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BGP Route Reflection - An Alternative to Full Mesh IBGP (RFC2796)

IP.com Disclosure Number: IPCOM000003395D
Original Publication Date: 2000-Apr-01
Included in the Prior Art Database: 2019-Feb-10
Document File: 11 page(s) / 13K

Publishing Venue

Internet Society Requests For Comment (RFCs)

Related People

T. Bates: AUTHOR [+2]

Related Documents

10.17487/RFC2796: DOI

Abstract

This document describes the use and design of a method known as "Route Reflection" to alleviate the the need for "full mesh" IBGP. [STANDARDS-TRACK]

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Network Working Group T. Bates Request for Comments: 2796 Cisco Systems Updates: 1966 R. Chandra Category: Standards Track E. Chen Redback Networks April 2000

BGP Route Reflection - An Alternative to Full Mesh IBGP

Status of this Memo

This document specifies an Internet standards track protocol for the Internet community, and requests discussion and suggestions for improvements. Please refer to the current edition of the "Internet Official Protocol Standards" (STD 1) for the standardization state and status of this protocol. Distribution of this memo is unlimited.

Copyright Notice

Copyright (C) The Internet Society (2000). All Rights Reserved.

Abstract

The Border Gateway Protocol [1] is an inter-autonomous system routing protocol designed for TCP/IP internets. Currently in the Internet BGP deployments are configured such that that all BGP speakers within a single AS must be fully meshed so that any external routing information must be re-distributed to all other routers within that AS. This represents a serious scaling problem that has been well documented with several alternatives proposed [2,3].

This document describes the use and design of a method known as "Route Reflection" to alleviate the the need for "full mesh" IBGP.

1. Introduction

Currently in the Internet, BGP deployments are configured such that that all BGP speakers within a single AS must be fully meshed and any external routing information must be re-distributed to all other routers within that AS. For n BGP speakers within an AS that requires to maintain n*(n-1)/2 unique IBGP sessions. This "full mesh" requirement clearly does not scale when there are a large number of IBGP speakers each exchanging a large volume of routing information, as is common in many of todays internet networks.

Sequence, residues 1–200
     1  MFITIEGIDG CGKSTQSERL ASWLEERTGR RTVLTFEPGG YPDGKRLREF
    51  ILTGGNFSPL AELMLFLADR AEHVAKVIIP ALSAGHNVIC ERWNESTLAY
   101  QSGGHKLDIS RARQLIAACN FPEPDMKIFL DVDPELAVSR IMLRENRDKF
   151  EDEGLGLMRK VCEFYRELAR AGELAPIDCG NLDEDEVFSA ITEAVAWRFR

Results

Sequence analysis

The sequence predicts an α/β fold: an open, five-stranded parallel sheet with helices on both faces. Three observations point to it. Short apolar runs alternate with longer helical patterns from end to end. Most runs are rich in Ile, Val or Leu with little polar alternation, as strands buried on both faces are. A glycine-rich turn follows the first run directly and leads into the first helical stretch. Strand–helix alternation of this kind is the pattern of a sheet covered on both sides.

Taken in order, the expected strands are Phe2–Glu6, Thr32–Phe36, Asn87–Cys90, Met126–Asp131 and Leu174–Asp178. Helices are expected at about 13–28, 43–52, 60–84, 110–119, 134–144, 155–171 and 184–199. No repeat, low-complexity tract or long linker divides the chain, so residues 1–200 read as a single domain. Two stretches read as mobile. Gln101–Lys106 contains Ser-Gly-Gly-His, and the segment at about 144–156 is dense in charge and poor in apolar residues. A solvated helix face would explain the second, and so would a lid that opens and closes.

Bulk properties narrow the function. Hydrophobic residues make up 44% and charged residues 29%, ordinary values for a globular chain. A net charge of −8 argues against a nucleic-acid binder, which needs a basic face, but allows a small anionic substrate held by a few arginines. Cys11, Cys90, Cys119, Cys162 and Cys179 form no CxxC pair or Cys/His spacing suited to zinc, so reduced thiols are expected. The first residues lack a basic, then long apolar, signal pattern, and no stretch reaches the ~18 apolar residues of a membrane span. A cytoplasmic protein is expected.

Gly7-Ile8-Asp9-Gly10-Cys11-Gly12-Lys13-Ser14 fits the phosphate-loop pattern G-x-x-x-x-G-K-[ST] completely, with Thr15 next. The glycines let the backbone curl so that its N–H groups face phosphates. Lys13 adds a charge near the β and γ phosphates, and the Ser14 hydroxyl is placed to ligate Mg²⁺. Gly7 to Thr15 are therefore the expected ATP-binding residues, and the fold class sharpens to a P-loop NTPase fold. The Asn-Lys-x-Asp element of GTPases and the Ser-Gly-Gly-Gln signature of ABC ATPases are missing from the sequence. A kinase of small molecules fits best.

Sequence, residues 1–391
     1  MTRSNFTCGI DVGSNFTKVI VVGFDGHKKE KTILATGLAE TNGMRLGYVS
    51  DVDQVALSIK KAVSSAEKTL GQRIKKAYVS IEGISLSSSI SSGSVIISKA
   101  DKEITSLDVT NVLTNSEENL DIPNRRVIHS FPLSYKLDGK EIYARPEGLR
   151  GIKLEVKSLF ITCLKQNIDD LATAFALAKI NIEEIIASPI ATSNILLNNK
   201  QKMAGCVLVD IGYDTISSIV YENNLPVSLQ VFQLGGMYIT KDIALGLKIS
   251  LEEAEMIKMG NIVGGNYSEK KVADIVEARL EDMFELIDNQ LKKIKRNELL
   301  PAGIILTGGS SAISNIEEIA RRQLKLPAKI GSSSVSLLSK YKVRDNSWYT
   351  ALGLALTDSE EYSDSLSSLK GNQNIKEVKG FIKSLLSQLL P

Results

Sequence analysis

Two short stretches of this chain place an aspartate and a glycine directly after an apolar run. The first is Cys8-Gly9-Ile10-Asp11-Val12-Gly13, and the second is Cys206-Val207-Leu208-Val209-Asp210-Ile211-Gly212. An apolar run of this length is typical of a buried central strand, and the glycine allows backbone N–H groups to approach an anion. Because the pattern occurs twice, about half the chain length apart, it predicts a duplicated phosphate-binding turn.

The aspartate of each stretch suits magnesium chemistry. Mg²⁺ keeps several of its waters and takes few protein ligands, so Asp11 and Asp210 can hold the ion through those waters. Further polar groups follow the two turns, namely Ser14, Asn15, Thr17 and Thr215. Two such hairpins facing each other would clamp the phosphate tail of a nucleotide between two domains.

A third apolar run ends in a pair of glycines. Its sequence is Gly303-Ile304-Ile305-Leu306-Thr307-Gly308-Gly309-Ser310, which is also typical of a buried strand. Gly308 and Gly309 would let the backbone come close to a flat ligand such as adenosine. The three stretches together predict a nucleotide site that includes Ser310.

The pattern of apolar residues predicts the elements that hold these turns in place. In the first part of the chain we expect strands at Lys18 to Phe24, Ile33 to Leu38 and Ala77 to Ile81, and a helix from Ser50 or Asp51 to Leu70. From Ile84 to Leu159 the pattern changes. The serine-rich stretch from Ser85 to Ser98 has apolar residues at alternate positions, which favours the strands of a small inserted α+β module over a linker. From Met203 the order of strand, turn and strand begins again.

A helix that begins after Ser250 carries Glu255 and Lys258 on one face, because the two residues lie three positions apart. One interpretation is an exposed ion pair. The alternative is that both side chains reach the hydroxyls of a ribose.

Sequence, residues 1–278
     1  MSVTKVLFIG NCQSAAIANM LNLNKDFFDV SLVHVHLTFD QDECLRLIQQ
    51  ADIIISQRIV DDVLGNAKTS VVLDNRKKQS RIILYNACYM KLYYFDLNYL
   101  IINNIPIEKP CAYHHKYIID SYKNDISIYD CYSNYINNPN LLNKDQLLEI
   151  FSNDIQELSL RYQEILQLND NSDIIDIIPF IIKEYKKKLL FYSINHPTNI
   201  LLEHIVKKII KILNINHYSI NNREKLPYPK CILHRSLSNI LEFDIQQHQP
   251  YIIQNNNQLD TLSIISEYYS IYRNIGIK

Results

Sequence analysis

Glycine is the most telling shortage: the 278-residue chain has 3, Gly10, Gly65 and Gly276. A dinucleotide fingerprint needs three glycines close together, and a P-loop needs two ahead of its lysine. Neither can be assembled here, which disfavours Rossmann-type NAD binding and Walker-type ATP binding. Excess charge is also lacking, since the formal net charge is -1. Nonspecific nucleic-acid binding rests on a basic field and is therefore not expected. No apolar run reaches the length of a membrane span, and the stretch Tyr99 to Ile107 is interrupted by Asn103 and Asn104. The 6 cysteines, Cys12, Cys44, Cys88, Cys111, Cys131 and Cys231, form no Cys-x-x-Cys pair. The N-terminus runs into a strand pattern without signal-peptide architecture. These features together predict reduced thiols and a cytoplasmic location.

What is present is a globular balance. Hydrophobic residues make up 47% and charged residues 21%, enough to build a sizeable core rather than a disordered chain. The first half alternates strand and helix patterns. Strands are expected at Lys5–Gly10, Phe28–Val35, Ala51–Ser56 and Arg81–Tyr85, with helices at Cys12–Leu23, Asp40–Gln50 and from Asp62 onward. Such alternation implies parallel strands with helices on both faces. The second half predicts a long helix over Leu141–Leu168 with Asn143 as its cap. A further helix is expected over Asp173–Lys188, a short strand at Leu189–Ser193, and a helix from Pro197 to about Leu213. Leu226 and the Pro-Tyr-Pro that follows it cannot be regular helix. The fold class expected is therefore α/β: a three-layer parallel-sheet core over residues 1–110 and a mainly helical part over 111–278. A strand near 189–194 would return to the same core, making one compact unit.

Bates, et al. Standards Track [Page 1]

RFC 2796 BGP Route Reflection April 2000

This scaling problem has been well documented and a number of proposals have been made to alleviate this [2,3]. This document represents another alternative in alleviating the need for a "full mesh" and is known as "Route Reflection". This approach allows a BGP speaker (known as "Route Reflector") to advertise IBGP learned routes to certain IBGP peers. It represents a change in the commonly understood concept of IBGP, and the addition of two new optional transitive BGP attributes to prevent loops in routing updates.

This document is a revision of RFC1966 [4], and it includes editorial changes, clarifications and corrections based on the deployment experience with route reflection. These revisions are summarized in the Appendix.

2. Design Criteria

Route Reflection was designed to satisfy the following criteria.

o Simplicity

Any alternative must be both simple to configure as well as understand.

o Easy Transition

It must be possible to transition from a full mesh configuration without the need to change either topology or AS. This is an unfortunate management overhead of the technique proposed in [3].

o Compatibility ...

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